By Ferriss Roberts
In October 2018, the Boyer family planned a small family reunion in Asheville (pictured). Visiting from northern Michigan, they did all of the things that tourists do when visiting our travel-friendly city that welcomes people to the mountains. They stayed at a cabin, enjoyed meals at one of the many award-winning restaurants and took a trip to the Biltmore House – and it wouldn’t be a family reunion without a round of Frisbee golf. They fell in love with Asheville and the people in it – even after an unexpected event left Doug Boyer in Mission Hospital for over a week.
When Doug Boyer went into cardiac arrest a few days into their trip, it would change their family’s lives forever – and their perception of Asheville, but surprisingly not for the worst.
“We left Asheville feeling like we were leaving family.”
In my first conversation with Doug and his wife, Kathy, she said, “If it wasn’t so awful, we’d just want to hang out with all of these people,” talking about the members of Doug’s care team. It was what they call “the best, worst experience.”
It’s been nearly four months since Doug went into cardiac arrest and had quadruple bypass surgery. You can hear his miraculous recovery in his voice that he gets stronger every day. We talked to Doug and Kathy a few weeks ago and are touched by their story. We wanted to share it with you.
In this episode of My Healthy Life, you’ll hear about the Boyer’s experience with Mission Heart and all of the people who are the heart of Mission Health.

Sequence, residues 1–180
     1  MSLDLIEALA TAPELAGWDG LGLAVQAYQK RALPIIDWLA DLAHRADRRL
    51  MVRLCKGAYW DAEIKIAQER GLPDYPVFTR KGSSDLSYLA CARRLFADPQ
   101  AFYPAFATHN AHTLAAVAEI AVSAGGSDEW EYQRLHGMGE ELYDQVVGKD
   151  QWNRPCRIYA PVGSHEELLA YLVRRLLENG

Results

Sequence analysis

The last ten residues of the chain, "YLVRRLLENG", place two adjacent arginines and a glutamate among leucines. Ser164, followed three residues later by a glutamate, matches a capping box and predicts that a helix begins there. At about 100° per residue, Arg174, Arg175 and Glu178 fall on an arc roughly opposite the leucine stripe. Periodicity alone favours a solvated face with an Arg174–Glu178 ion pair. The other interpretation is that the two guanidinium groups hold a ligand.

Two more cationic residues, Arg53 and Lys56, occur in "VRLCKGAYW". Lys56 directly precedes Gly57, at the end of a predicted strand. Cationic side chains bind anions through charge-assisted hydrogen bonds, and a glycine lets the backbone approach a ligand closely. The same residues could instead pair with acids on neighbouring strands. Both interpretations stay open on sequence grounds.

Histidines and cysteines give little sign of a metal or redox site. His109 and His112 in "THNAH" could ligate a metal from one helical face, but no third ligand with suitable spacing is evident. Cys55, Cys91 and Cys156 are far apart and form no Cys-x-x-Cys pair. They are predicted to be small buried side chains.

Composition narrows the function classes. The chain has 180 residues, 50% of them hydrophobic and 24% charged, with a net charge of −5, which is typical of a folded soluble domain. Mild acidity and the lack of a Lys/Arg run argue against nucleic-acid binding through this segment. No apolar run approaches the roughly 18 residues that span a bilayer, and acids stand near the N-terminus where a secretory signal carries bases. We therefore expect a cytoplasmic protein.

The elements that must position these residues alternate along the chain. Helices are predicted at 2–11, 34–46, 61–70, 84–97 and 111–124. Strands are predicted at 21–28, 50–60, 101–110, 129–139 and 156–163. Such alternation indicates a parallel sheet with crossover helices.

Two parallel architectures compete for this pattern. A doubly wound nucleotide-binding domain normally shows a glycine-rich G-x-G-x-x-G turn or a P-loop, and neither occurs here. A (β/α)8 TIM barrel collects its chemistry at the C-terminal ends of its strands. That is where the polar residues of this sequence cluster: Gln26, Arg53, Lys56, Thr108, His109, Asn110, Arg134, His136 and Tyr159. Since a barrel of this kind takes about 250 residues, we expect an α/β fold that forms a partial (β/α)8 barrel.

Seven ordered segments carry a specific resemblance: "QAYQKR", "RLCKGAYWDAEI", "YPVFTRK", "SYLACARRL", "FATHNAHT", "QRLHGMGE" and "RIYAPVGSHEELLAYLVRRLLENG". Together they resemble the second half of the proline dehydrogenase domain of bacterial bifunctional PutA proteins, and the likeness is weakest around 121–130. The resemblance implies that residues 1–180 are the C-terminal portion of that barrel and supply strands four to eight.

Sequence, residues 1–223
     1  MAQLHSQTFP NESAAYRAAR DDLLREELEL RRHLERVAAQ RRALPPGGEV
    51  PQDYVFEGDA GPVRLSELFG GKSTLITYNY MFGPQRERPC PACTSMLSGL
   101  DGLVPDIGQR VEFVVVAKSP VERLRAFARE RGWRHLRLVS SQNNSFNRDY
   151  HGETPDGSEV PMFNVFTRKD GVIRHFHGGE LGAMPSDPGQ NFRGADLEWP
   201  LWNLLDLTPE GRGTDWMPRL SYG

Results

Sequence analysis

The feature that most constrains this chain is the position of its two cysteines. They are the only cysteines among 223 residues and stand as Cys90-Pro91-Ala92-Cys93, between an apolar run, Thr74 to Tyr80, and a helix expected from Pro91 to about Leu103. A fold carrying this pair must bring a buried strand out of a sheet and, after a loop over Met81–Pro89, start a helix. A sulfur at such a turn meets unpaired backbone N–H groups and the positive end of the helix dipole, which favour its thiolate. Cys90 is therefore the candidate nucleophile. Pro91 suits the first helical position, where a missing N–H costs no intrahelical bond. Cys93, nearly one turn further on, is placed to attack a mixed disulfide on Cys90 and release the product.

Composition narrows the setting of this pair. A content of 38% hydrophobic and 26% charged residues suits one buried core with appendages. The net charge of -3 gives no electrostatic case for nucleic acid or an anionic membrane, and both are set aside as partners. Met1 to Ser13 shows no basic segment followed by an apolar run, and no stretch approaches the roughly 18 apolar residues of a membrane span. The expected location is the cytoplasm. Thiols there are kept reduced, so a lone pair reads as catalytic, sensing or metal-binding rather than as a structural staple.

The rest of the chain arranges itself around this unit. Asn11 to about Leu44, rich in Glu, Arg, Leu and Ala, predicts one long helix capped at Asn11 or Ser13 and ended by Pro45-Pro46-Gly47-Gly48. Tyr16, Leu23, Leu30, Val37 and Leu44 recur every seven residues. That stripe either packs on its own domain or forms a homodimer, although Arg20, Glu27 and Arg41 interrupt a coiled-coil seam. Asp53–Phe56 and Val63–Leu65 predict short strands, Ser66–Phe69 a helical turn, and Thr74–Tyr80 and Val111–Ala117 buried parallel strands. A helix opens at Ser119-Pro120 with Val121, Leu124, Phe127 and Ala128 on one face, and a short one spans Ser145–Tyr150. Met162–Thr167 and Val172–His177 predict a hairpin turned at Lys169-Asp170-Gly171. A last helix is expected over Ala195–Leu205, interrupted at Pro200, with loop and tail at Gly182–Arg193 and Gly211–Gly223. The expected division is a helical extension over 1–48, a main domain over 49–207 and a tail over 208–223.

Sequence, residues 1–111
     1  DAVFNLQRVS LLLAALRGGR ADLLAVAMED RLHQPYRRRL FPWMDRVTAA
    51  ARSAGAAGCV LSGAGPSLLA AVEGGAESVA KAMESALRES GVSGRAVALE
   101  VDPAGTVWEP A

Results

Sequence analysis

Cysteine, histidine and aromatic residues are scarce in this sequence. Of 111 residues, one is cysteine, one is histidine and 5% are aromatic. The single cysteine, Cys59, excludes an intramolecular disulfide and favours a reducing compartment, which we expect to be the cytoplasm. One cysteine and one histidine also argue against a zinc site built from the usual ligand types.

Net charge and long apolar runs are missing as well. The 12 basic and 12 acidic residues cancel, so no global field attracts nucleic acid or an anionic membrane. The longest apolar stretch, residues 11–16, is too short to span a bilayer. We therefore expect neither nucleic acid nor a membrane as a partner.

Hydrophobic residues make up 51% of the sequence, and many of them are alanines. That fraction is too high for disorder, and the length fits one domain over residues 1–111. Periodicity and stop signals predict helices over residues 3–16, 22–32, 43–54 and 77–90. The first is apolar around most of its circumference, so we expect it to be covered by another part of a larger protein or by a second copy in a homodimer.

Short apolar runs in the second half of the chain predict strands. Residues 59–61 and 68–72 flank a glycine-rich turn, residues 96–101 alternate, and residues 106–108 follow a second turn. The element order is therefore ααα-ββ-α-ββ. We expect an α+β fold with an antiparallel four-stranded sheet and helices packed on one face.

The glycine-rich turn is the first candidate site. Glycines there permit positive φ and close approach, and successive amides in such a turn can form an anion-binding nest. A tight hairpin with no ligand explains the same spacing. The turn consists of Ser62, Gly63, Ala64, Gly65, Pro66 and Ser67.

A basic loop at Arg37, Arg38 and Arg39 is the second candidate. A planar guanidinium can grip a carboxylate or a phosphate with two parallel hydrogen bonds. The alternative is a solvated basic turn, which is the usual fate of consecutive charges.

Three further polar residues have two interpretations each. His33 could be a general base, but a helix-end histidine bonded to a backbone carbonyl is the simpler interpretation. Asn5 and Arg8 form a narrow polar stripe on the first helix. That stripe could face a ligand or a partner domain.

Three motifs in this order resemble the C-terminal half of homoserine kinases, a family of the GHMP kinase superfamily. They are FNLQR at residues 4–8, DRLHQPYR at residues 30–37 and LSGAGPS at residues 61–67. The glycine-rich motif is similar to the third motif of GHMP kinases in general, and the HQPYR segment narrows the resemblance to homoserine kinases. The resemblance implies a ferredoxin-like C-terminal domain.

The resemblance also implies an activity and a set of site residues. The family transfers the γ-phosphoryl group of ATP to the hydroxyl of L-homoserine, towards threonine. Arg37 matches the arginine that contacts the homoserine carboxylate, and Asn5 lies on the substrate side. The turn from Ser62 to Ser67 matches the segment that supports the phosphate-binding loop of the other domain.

Mission Health leads the nation in treating heart attacks with an average of 41 minutes in door-to-balloon time (this is the time from when a patient enters the hospital to the time the heart vessel is open). Additionally, the time it takes on average for a patient to arrive from home (or the place of the incident) to the hospital and get heart blockage opened is 78-80 minutes, compared to the national 90-minute average. “This is a stellar response,” said Angela Solesbee, coordinator for Mission Health’s heart regional services chest pain and STEMI program, who was with the Boyer family every step of the way. “The significance [of this number] is we’re saving the cardiac muscle and we’re saving lives,” Angela explained.
Doug gets stronger and makes progress every day as he continues physical therapy and routine doctor visits. A couple of months ago, he was able to drive on a tractor and blow snow during Michigan’s winter. Doug is a sharp shooter on the US Rifle team where he has won the world championship among 26 countries and has already returned to shooting again. He wants you to know he does not hunt or shoot animals.
The Boyer family thanks every member of Doug’s and the family’s care team for their hope, partnership, being at the family’s side every step of the way and for not giving up on Doug – who Kathy says is a fighter and the strongest person she knows. The family looks forward to returning to Asheville and Mission Health for Doug’s one-year follow-up visit later this year; one of their daughters even wants to plan her 40th birthday in Asheville.
We extend our sincerest appreciation and gratitude to the Boyer family for opening their hearts and sharing their story and Mission Experience, so that we may share it with you in the spirit of Heart Month.
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Oliver Binns, MD, is a thoracic surgeon at Mission Heart. Dennis Unks, MD, is an invasive cardiologist at Asheville Cardiologist Associates.